The War on Drugs – A Deeper Understanding

Best Rock Song:
Metallica – Atlas, Rise!
K.Flay – Blood in the Cut
Nothing More – Go to War
Foo Fighters – Run
Avenged Sevenfold – The Stage

Best Rock Performance:
Leonard Cohen – You Want It Darker
Chris Cornell – The Promise
Foo Fighters – Run
Kaelo – No Good
Nothing More – Go To War

ghostFor years, we have bantering and bickering about just how the National Academy Of Recording Arts And Sciences just didn’t get rock or metal. For years, they have fumbled the award and shamelessly given it out to acts who didn’t deserve like Tenacious D or even Jethro Tull. It’s not that I do not respect those bands, they just didn’t deserve the award over some of the acts that were nominated. This year, it looked as if the Grammy’s were finally getting it right when they nominated some heavy hitters for Best Metal Performance. They nominated Ghost (Cirice), August Burns Red (Identity), Lamb Of God (512), Sevendust (Thank You), and Slipknot (Custer). The other thing that bothered me the most about the award is that they never televised it, so it was always a why bother watch the show if they do not respect your genre. This year that all temporarily changed as the award was not only given to a deserving band, but it was also televised. Ghost won the award for their track Cirice which is off of their amazing album Meloira (read the review here) and they accepted the award on stage.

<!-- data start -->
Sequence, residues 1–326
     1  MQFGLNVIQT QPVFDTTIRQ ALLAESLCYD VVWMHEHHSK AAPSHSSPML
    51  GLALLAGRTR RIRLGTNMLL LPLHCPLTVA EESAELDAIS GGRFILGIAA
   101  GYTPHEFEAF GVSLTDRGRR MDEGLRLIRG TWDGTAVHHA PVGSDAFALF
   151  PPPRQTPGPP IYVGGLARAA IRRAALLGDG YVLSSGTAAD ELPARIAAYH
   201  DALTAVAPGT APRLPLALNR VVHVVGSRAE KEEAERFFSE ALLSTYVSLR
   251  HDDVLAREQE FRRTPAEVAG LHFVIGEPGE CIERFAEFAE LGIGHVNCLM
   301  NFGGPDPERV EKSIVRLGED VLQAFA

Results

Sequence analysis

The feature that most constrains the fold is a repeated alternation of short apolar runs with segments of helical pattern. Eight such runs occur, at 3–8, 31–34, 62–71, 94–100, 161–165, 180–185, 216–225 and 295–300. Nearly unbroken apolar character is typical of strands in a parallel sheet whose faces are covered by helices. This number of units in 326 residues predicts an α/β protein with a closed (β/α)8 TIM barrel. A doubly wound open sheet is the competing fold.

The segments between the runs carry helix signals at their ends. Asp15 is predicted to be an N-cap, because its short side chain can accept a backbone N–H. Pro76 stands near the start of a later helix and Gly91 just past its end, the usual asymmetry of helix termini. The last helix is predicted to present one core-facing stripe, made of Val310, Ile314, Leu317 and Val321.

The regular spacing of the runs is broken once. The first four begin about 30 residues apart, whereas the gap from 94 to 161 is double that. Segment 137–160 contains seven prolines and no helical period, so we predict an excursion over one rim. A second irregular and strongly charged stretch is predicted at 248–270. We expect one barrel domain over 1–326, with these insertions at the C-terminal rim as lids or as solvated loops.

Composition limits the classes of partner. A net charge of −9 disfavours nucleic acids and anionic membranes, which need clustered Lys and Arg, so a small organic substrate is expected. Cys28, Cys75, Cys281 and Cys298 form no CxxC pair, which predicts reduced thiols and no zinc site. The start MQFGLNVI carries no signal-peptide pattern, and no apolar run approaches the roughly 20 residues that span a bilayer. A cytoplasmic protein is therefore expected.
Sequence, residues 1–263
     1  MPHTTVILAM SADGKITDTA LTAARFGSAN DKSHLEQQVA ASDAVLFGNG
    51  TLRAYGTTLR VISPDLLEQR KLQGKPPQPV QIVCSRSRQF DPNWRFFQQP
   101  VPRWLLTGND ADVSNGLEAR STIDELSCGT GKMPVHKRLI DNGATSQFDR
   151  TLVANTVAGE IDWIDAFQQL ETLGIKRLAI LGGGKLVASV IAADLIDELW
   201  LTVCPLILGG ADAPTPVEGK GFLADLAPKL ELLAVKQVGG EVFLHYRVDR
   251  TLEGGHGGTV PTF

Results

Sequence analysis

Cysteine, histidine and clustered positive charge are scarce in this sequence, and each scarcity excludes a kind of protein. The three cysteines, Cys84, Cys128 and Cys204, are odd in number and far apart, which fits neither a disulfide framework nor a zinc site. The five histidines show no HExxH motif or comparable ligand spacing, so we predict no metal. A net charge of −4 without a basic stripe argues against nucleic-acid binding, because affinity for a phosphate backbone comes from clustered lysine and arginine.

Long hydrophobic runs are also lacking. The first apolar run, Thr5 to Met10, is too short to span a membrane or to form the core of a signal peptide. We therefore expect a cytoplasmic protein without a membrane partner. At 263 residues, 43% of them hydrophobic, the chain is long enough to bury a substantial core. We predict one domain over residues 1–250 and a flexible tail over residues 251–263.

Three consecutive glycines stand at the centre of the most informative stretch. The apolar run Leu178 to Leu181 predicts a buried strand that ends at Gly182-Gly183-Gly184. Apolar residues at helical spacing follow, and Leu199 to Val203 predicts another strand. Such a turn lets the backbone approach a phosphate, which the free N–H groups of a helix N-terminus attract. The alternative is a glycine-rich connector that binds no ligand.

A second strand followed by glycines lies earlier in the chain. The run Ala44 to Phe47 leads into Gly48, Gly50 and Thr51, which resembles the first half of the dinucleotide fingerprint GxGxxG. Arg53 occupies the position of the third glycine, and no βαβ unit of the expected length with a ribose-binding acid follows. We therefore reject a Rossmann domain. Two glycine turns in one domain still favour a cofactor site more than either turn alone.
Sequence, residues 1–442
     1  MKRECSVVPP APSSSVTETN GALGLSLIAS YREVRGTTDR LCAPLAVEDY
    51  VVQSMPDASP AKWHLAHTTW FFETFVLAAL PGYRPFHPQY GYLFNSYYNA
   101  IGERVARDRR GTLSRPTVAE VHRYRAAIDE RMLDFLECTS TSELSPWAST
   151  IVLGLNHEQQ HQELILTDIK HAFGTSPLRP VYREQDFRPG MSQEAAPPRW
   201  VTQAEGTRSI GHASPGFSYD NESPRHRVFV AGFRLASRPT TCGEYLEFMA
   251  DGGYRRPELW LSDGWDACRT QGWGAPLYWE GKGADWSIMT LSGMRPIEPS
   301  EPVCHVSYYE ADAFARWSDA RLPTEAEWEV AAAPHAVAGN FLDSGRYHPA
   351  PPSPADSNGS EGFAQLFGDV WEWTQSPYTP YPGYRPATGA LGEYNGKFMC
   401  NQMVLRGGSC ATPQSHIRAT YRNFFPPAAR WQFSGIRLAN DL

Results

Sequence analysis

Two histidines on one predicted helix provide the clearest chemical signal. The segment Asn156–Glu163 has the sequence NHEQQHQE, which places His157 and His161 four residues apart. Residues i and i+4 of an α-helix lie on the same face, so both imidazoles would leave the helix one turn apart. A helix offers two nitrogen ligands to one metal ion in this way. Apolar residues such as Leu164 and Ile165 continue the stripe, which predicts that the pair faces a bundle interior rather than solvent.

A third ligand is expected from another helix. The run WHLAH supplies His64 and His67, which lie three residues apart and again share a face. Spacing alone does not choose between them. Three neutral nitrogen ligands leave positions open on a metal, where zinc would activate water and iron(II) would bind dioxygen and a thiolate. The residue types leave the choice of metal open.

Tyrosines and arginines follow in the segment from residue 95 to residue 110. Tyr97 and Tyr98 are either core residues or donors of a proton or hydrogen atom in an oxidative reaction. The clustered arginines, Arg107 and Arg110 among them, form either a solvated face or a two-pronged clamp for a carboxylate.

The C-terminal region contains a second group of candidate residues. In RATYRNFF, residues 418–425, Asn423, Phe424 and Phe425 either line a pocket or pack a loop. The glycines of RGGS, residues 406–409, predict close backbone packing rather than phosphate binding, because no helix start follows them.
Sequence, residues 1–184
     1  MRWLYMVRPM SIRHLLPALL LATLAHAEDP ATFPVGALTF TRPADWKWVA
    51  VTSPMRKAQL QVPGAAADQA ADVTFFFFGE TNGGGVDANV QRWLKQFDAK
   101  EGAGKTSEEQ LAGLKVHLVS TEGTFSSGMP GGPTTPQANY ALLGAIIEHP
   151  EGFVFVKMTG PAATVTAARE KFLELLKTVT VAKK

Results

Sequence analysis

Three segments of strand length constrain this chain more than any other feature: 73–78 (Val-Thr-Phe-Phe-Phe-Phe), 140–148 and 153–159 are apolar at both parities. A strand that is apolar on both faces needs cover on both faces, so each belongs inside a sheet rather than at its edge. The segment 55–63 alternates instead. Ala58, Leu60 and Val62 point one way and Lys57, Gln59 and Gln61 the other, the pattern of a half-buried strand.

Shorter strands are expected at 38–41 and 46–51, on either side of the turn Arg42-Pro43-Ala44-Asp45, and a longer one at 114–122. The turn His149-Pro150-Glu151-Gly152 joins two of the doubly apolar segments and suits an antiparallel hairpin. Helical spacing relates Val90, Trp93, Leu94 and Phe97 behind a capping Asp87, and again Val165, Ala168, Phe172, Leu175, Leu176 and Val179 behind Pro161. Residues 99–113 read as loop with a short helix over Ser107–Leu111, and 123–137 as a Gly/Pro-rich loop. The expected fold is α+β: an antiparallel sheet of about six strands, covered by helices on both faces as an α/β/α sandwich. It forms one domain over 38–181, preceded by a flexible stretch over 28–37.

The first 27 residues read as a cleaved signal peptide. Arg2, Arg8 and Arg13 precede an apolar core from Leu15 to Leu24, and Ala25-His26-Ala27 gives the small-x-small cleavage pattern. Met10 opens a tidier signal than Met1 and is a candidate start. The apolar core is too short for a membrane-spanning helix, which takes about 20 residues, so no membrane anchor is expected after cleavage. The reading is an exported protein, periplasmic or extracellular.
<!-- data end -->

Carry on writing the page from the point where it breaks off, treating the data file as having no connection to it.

ghost 2The only sad thing that I saw all night was the awful interviewers on the red carpet that asked the dumbest questions. “What is your band’s overall image about?” was one of the dumb questions asked by someone who has no idea who the band is. CBS needs to hire better interviewers for their red carpet who are more diverse in music which makes it better for everyone. The Grammy’s can be an opportunity for a band to expand on their fan base, a platform so to speak. Nevertheless, congratulations are in order for Ghost on the big win. Some of the other bands that didnt fair as well were the Foo Fighters who were nominated for Best Rock Performance and didn’t win and Slipknot for Best Rock Album which they also didn’t win. Check out Ghost accepting the award below and check them out giving thanks as well.